The ability to express power is considered a fundamental determinant of sporting performance. Practitioners and sports scientists have therefore searched for training modalities and loads that optimise power production. Currently, there is contention regarding what load maximises power during explosive (multi-segmental) movements. Although discrepancies in measurement techniques confound interpretation, an inter-subject variation on the load that maximises power has also been observed between and within sports, leaving practitioners with little practical clarity. Therefore, this thesis seeks to describe the current practices employed to monitor and maximise power, while experimentally determining whether the observed variation in the load that maximises power can be explained by sporting background, differences in anthropometric qualities, or isolated joints contributions compared to whole body measures between several groups of highly trained athletes. This body of work will assist in the understanding and prescription of training loads that look to maximise power production in the field of strength and conditioning. To achieve the investigative aims, a survey was conducted to describe the current practices employed by national strength and conditioning coaches (Chapter 3). We observed practical ambiguity in analysis techniques and loads used to monitor and maximise power. Based on this finding, an examination of the measurement bias attributed to alternative analysis techniques were instigated (Chapter 4). The findings demonstrated that disparity in analysis techniques significantly influenced the accuracy, precision, inter-measurement agreement of force, velocity, and power values under different relative loads during a countermovement jump (CMJ). The demonstrated bias is attributed to alternative analysis procedures that could alter the shape of the load-power relationship compared to first principle measures obtained from a combined kinetic and kinematic approach. Implementing a combined kinetic and kinematic data collection and analysis approach as advocated in Chapter 4,the fifth chapter reports that system power (body mass + bar) is maximised across a number of relative loads between athletes during a CMJ. Interestingly, force-,velocity-,and power-load profiles were distinctly different between sports. By further deconstructing system power to the joint level (Chapter 6),sporting and athlete dependent differences in joint kinetics and kinematics were observed to influence the system load-power relationship. This finding was interpreted to be the result of undefined athlete-dependent traits manipulating the optimal balance in force and velocity at the joint and system level to account for individual characteristics. To understand the physical mechanism behind this variation in CMJ load-power profiles, Chapter 7 reports that alternative sporting and anthropometric characteristics alter the generation, contribution, and timing of joint and system power across a range of relative loads. Consequently, a mixture of athlete-dependent anthropometric and sporting related traits explained the inter-subject variance in the load maximising power during a CMJ. Therefore, the load that maximises power is athlete-dependent, and not a universal load as previously ascribed. This series of investigations found that the current practices employed to monitor power where disparate between practitioners, leading to alternative load-power profiles to be reported between measurement and analysis techniques. Furthermore, differences in sporting background and anthropometric traits will influence the contribution, timing and generation of power at a joint and system level. These difference in athlete dependent characteristics affects the shape of the load-power relationship, and therefore the load that maximises power between a group of highly trained athletes. Therefore, the load that maximises CMJ power is athlete-dependent, and not a universal load. Alternatively, a combination of training loads that target various neuromuscular or mechanical characteristics may be more advantageous in maximising system and joint power production compared to a universal load that may not constitute a sufficient trigger to improve the translation of power about the lower-body joints. This body of work highlights the diversity of human neuromuscular and mechanical behaviours that determines an athlete’s unique response to alternative training conditions. It is, therefore, a worthwhile contribution to the field of strength and conditioning, consolidating information on the use of the force-velocity and load-power relationship as it applies to the science of training athletes.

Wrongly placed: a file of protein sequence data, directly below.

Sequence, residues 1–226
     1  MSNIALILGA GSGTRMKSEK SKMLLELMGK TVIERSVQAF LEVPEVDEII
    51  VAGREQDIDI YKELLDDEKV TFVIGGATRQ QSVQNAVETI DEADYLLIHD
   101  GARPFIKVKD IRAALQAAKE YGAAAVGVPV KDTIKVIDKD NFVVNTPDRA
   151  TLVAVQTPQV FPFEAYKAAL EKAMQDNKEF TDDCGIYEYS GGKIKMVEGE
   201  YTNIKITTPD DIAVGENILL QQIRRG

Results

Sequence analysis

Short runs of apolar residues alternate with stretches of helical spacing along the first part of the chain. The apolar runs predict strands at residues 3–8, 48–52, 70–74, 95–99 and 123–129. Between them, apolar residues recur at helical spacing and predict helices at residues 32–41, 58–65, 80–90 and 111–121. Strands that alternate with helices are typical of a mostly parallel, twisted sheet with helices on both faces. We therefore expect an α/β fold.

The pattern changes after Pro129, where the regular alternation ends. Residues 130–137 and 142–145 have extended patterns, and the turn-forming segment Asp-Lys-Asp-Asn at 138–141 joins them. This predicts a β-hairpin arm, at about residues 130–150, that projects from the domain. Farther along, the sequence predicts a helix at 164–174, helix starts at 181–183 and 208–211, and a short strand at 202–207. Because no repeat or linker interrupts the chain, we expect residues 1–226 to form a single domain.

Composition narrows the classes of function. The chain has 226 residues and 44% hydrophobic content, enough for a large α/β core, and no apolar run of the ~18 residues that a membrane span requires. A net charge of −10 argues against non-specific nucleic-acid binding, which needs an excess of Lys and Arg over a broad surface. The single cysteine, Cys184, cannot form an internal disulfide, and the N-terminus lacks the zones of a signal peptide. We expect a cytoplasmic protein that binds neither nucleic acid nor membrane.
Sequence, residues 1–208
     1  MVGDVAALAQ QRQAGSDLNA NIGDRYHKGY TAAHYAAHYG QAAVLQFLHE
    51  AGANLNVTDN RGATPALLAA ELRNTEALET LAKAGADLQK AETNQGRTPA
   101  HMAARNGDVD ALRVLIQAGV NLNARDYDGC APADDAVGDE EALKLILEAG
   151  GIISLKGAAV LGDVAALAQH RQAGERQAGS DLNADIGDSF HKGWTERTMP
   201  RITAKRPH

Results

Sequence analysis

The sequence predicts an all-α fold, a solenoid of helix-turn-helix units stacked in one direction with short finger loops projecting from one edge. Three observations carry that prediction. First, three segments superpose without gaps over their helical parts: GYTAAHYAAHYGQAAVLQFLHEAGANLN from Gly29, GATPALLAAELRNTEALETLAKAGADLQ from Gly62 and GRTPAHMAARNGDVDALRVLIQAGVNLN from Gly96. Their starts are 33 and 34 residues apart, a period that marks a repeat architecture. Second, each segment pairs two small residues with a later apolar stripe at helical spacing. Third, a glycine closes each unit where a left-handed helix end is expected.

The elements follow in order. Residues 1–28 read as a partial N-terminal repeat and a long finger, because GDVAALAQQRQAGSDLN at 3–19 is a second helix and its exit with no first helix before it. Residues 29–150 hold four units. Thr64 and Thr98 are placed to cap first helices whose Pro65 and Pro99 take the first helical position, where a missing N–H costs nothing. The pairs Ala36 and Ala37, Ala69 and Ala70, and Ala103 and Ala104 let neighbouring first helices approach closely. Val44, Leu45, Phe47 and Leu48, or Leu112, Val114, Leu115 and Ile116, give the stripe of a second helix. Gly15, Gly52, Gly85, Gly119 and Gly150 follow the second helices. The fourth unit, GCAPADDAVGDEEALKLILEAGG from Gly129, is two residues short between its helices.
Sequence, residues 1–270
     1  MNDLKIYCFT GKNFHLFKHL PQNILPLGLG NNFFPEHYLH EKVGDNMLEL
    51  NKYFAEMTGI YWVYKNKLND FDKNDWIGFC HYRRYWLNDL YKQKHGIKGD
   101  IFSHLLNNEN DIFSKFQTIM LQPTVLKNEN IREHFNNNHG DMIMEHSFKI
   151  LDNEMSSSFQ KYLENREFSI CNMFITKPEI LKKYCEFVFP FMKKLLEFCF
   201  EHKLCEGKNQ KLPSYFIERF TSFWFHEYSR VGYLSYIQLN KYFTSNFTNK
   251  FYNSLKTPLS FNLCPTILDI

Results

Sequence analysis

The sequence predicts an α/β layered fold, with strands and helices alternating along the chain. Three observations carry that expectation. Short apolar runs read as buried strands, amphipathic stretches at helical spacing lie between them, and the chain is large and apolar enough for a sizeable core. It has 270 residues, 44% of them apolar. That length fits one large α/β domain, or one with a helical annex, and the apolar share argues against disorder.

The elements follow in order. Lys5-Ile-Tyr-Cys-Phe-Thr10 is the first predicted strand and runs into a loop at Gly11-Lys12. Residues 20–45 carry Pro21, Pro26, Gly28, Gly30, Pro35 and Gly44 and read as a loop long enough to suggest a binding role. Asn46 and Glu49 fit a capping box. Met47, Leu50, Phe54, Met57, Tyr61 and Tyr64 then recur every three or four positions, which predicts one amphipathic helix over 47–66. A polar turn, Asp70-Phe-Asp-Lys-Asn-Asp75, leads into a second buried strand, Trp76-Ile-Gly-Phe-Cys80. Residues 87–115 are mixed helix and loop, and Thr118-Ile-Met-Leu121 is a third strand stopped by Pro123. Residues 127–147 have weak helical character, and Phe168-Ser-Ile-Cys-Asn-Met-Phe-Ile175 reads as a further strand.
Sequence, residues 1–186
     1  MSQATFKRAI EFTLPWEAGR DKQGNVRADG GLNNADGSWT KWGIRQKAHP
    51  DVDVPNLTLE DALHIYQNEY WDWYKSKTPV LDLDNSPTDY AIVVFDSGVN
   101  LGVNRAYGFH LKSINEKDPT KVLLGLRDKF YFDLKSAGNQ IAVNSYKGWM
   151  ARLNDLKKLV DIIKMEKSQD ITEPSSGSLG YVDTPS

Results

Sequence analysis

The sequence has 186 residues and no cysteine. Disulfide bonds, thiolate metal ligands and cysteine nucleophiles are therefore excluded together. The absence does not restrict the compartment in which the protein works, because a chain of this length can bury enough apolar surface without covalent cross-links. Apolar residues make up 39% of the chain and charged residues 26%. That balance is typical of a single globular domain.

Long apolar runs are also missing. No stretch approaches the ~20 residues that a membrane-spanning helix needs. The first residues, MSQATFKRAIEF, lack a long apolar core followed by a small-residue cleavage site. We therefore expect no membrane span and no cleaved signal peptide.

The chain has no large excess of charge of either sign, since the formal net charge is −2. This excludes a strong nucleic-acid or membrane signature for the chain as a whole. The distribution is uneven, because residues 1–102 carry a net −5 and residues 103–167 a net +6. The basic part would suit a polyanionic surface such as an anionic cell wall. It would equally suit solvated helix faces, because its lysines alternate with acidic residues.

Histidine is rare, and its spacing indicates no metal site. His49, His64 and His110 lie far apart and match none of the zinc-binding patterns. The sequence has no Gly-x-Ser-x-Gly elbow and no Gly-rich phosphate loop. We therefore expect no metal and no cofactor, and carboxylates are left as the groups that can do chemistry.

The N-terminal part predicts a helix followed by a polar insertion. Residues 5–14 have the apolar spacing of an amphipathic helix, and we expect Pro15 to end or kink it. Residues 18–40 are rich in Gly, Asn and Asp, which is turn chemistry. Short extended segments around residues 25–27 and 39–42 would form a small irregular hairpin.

|Date of Award||2017|
|Supervisor||Nick Ball (Supervisor), Dale Chapman (Supervisor), Kevin Thompson (Supervisor), Elissa J. Phillips (Supervisor) & Julian V. Jones (Supervisor)|
The optimal load to maximise system power during a countermovement jump
Williams, K. J. (Author). 2017
Student thesis: Doctoral Thesis